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Volume 24 No. 200
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Flames President & CEO Ken King Says Team Will No Longer Pursue New Arena In Calgary

Flames President & CEO Ken King yesterday said that the team is "no longer going to pursue a new arena in Calgary," according to a front-page piece by Schwartz & Blackwell of the CALGARY HERALD. King, appearing alongside NHL Commissioner Gary Bettman, said that it "became clear the city has no genuine interest in helping build a new arena for the NHL team." The new comes with "less than six weeks until the municipal election, where Calgary Mayor Naheed Nenshi is seeking a third term." Nenshi has "clashed with King about a new arena on multiple occasions." Nenshi said that he was "not aware" of Calgary Sports & Entertainment's new position. On Monday, Nenshi "pushed a plan for creating a cultural and entertainment district in East Village and Victoria Park." He said that it would "ideally include a Flames arena." Yesterday, King said that their meetings with the city about Victoria Park "have not been productive." A key point of contention between the Flames and city officials is "how much, if any, public money should go towards the construction of a new arena." Nenshi: "People have to come to terms with making sure that as I’ve said from the very beginning, public dollars have to have public benefits." King said the owners had "agreed to put up a substantial financial commitment" for the Victoria Park arena. The specifics of "how much the city would be asked to pay for the Victoria Park arena, and how much the Flames’ owners would cover, has not been made public." King said that the team "is not shopping around for a city that would be more willing to help pay for an arena." That is a "key difference from back in April, when King suggested the team would move if they didn’t get an arena" (CALGARY HERALD, 9/13).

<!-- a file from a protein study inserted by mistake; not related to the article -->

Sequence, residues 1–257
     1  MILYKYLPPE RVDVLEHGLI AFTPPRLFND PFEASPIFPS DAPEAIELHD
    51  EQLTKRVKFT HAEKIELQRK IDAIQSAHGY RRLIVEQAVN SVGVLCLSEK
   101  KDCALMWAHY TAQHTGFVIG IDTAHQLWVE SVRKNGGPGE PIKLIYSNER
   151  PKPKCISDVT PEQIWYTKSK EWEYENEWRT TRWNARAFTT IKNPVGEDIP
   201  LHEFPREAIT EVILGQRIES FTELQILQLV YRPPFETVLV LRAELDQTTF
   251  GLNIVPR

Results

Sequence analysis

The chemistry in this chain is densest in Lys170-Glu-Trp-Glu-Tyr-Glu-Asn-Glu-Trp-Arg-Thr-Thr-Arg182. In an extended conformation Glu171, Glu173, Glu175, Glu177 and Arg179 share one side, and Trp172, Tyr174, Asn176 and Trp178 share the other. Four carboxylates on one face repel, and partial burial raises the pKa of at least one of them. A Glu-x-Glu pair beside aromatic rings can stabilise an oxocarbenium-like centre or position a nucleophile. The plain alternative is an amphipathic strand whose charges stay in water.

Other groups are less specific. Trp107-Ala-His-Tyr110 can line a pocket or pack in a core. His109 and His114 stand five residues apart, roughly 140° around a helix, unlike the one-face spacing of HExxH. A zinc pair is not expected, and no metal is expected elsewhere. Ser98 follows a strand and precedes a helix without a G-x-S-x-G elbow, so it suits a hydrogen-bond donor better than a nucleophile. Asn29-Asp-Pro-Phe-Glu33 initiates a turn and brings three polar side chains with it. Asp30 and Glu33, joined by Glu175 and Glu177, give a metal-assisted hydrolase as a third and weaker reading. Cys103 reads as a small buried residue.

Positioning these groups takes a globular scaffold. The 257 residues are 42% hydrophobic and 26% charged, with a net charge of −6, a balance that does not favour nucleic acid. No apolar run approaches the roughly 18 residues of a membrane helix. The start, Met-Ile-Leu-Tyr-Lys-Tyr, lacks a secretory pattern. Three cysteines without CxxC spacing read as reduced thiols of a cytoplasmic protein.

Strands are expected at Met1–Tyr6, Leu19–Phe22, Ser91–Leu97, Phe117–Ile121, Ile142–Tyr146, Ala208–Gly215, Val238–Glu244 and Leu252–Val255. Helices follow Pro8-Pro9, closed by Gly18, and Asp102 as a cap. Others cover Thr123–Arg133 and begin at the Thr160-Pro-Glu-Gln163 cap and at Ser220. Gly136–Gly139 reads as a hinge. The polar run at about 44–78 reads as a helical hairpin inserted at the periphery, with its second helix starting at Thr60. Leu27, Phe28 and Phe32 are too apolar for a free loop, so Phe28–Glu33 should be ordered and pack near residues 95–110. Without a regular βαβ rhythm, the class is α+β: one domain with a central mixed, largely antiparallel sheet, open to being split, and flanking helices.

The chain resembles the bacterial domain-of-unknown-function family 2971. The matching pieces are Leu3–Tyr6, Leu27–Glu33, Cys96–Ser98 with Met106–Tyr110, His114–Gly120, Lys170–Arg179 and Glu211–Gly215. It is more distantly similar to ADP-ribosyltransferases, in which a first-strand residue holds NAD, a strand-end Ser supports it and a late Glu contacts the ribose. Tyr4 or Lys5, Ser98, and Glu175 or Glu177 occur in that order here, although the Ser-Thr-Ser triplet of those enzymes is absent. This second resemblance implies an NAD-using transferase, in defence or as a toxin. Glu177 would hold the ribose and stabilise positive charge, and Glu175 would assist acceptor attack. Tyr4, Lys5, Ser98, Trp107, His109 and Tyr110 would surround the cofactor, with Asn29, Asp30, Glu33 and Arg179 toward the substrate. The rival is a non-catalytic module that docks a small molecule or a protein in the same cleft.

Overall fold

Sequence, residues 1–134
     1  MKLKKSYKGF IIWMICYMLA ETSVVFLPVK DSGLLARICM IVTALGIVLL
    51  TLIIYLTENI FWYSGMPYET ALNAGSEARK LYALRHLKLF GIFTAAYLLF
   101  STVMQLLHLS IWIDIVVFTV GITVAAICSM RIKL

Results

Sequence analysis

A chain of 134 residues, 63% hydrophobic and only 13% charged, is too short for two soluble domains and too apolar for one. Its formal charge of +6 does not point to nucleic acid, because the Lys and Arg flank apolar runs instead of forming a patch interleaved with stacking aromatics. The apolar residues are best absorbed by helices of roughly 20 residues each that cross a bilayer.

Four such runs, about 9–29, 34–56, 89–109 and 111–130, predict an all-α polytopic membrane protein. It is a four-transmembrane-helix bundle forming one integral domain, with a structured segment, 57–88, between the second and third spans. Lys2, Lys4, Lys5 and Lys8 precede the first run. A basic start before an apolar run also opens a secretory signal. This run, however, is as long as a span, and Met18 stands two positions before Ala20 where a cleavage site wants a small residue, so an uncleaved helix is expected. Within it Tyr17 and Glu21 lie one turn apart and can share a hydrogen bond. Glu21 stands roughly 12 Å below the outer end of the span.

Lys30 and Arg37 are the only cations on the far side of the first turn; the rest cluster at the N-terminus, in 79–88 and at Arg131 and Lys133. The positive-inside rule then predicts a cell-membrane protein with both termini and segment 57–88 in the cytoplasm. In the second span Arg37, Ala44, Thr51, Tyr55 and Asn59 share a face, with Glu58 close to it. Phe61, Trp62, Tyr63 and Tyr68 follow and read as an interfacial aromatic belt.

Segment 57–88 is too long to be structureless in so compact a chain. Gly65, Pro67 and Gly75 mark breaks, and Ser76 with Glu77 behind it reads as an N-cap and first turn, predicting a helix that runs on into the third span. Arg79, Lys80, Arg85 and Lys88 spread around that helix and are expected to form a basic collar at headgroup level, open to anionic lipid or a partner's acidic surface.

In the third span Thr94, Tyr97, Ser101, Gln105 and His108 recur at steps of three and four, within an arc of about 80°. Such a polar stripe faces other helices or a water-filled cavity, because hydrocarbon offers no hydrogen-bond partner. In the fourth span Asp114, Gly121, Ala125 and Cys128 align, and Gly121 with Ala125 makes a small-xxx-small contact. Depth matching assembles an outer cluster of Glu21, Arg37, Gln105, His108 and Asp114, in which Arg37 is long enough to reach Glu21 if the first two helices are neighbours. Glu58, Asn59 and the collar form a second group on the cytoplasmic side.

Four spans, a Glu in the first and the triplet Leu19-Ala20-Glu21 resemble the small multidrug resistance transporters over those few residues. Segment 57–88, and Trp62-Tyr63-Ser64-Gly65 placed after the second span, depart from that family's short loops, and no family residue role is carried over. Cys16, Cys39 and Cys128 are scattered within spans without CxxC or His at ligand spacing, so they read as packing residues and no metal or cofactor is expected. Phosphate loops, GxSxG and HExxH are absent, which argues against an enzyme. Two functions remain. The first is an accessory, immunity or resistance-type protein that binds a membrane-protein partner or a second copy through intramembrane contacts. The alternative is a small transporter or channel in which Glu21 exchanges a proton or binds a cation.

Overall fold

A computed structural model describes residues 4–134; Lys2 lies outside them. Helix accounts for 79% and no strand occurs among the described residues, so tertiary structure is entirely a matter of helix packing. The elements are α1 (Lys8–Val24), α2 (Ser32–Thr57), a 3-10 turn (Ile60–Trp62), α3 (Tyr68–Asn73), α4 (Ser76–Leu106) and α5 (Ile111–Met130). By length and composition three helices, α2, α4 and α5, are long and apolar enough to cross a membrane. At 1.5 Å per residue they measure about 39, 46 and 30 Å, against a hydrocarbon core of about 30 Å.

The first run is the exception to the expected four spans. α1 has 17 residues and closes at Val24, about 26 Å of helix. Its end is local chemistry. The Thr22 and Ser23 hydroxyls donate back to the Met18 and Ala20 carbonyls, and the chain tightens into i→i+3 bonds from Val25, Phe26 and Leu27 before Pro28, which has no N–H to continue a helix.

THE PRICE IS NOT RIGHT: The GLOBE & MAIL's Maki & Tait cite a source as saying that Calgary "offered to pay for one-third of the arena, in equal installments over a number of years." The money would "have to be paid back." The source said that CS&E, according to this proposal, would "cover another third of the total cost and surcharge on tickets would pay for the remaining third." The source added that the Flames organization "rejected the offer." The CalgaryNext plan was "deemed too intensive -- three facilities in too small a space -- and too expensive by city council." One source described the "mood of the current owners as 'frustrated' and open to selling their interest in the team" (GLOBE & MAIL, 9/13). Flames C Matt Stajan said, "The hope for the players and being part of the city, you want a new rink and what Edmonton has. It's a little bit of a shock, and it's disappointing, but hopefully, we'll end up getting what we all want" (CALGARY SUN, 9/13).

In Calgary, Eric Francis writes CS&E is "done pretending the City of Calgary and its current mayor are interested in serious negotiations to build a new arena in town." The desire remains, but the "patience to deal with a city council too scared to do the right thing by taking meaningful strides towards a much-needed investment in crucial infrastructure is over." The Flames' approach "needed to change as their best offer," which included more than $200M from the Flames owners, "didn't seem to whet the appetite of the city at all." Bettman and the Flames "weren't interested in discussing the obvious possibility of relocating to Quebec City or Seattle." Francis: "The threat is obvious." At the very least, the Flames' "new stance will help them determine one way or another whether there is any use in prolonging dreams of staying in Calgary or simply moving on" (CALGARY SUN, 9/13).